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  • Jecoco
  • 2019-05-07

Great content, cloying narration

I like Emily Oster’s work and enjoyed this book. Unlike the matter-of-fact content, the narration sounds like a patronising, condescending morning talk show host.

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  • Kindi Wahlstrom
  • 2019-05-17

biased but overall well done

This is a good book with some good advice. there are some obvious personal biases in the author's writing but she does a good job looking at different subjects from an analytical point of view. As a pediatrician I agree with most of what she says, although she does make suggestions that are skewed toward what she wants the data to be interpreted as. I would advise people to discuss things with their doctor before making decisions. But altogether one of the better books on this topic.

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  • Alice
  • 2020-02-10

It’s fine

It’s a good book, and I really respect the valiant efforts the author made at being evidence-based. I think it’s hard to encompass all of early child parenting succinctly, and it seems like she’s done a good job picking and choosing the most relevant topics. The main issue I have with this book (and most what-to-expect style books) is that the author writes for a Type A audience and I am just not that. I’m 8 months pregnant and skeptical of basically everything. The book assumes parents have a baseline need/desire for apps that track baby feeding/pooping schedules, want to have a discussion on vaccines, or want to go on multiple nanny/daycare interviews before making any choices about childcare. My type B self starts with the assumption that if most people turn out fine and diseases went away when vaccines became mainstream, why waste so much time thinking? Just pick a daycare or nanny that’s convenient for the budget, get the shots, and worry about something else. The book concludes with the data-driven finding that shots are good and that childcare styles don’t matter that much, so I feel have learned nothing that will change my anticipated parenting style. I’m still waiting to read a parenting book geared toward the Type B parent.

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  • Joseph Pollard
  • 2020-09-06

Approach worked better for pregnancy guidelines

I liked Oster’s book Expecting Better, so I was hoping to like this one as well. What I found though, was that Oster’s approach to evaluating the current research on parenting choices was not very thorough and made me doubt her ability to evaluate medical research. Economic research is not the same as medical research and I’m not sure Oster has the background to be evaluating large bodies of data that pertain to sometimes complex medical decisions like breastfeeding, vaccination, or circumcision. As a healthcare professional myself, I’ve looked at some of the studies she references and have come to very different conclusions than she did, leading me to believe she was unable to properly evaluate research from a field of study that was different from her own. Some of the topics are so extensive and complex that they really deserve their own book, not a short chapter. The chapter on breastfeeding especially, failed to even mention one of the most important aspects of breastmilk vs formula around which a lot of the current research revolves, the gut microbiome. A major motivator for many mothers working hard to breastfeed their children is proper gut development and protection from leaky gut, not necessarily that they’re worried their children won’t graduate high school if they use formula. Oster maybe should have just left some of these more difficult subjects out if she didn’t have room to thoroughly evaluate all the research on the subject.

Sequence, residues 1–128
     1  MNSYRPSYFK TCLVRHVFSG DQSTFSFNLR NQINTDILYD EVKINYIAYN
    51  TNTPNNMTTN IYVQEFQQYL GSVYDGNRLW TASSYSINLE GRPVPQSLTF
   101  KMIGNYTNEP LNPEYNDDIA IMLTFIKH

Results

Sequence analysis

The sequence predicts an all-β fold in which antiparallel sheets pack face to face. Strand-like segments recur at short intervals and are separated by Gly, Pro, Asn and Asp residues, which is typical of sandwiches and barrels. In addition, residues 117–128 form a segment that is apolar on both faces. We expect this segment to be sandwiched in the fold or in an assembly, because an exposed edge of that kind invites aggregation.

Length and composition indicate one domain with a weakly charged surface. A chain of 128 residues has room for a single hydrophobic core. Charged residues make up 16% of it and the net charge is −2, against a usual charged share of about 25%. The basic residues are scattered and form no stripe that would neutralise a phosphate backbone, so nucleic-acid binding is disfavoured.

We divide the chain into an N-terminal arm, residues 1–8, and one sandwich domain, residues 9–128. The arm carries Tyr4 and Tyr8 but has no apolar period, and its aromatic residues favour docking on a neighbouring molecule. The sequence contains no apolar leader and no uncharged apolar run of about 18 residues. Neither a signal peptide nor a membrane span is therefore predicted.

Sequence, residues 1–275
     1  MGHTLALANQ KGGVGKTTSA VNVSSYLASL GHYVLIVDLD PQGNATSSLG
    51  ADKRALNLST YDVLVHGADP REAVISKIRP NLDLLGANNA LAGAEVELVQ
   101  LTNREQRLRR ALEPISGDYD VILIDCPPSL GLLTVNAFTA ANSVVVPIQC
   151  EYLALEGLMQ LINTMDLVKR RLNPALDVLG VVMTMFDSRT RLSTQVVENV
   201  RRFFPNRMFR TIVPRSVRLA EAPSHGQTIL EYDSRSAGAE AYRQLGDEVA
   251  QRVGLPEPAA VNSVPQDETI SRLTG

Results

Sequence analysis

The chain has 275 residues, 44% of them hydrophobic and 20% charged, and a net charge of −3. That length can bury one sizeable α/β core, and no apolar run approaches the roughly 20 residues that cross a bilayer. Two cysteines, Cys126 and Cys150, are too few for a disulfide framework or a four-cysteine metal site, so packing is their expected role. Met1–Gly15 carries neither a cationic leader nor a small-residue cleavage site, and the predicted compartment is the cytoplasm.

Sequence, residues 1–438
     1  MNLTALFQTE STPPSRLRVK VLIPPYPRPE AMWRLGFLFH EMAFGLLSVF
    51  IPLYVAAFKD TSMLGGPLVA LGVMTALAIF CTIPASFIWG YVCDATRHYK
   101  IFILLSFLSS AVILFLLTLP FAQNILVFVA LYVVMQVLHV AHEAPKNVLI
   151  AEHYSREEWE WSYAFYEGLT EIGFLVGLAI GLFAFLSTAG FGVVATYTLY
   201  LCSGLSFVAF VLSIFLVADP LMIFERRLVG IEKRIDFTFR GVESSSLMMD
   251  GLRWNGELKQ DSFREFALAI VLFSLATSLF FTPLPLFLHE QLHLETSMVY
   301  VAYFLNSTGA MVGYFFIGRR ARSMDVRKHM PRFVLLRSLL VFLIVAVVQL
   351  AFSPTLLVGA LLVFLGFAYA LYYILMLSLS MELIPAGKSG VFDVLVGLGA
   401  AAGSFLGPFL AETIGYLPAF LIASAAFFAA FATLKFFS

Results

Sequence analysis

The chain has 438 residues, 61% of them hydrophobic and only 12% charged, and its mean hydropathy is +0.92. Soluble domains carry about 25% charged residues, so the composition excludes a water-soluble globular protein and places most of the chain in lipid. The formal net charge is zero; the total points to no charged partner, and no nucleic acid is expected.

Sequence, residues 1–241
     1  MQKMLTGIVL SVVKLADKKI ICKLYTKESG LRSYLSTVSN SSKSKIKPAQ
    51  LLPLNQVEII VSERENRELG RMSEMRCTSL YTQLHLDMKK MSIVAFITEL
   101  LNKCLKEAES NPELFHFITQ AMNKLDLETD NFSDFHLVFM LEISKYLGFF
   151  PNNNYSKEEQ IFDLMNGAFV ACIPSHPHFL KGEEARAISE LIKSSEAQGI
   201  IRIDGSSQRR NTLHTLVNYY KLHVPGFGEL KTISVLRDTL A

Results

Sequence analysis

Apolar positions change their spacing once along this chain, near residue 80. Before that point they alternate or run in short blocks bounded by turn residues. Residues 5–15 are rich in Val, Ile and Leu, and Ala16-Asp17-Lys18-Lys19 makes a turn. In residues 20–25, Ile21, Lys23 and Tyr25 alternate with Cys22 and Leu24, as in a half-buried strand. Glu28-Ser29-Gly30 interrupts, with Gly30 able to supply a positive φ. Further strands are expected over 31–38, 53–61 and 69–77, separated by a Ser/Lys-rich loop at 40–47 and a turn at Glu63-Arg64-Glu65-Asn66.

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  • Emporio
  • 2020-08-20

Waste of time with some dangerous recommendations

The narration is tainted with millennial speak using phrases such as “like, sort of, kind of” ect. which destroys any credibility the author may otherwise have had. In addition, much of the content is personal anecdotes about the author’s own pregnancy and child rearing experience which provides no value to a listener seeking well researched data. There are also some recommendations the author gives without any thought to consulting research like giving your infant soy formula milk if the mother cannot produce enough milk on her own. This left me dumbfounded considering the dangers of soy to infants and adults alike.

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  • Breanna Grace
  • 2020-08-03

One-Sided, Selfish Parenting Book

I could not finish this book because it is so against my parenting style. I love to read different points of view but this is stating a style as fact. For example it states that breastfeeding is optional if you don't want to do it and formula fed babies have the same outcome, which is false. It also states that sleep training including letting a child cry it out is best when that is proven to not help the child. I get that the author parents differently however stop stating that it is fact when it most certainly is not.

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  • Kandace
  • 2020-11-07

I (heart) Data and Science

With all the advice floating around, I love this unbiased, research driven yet compassionate approach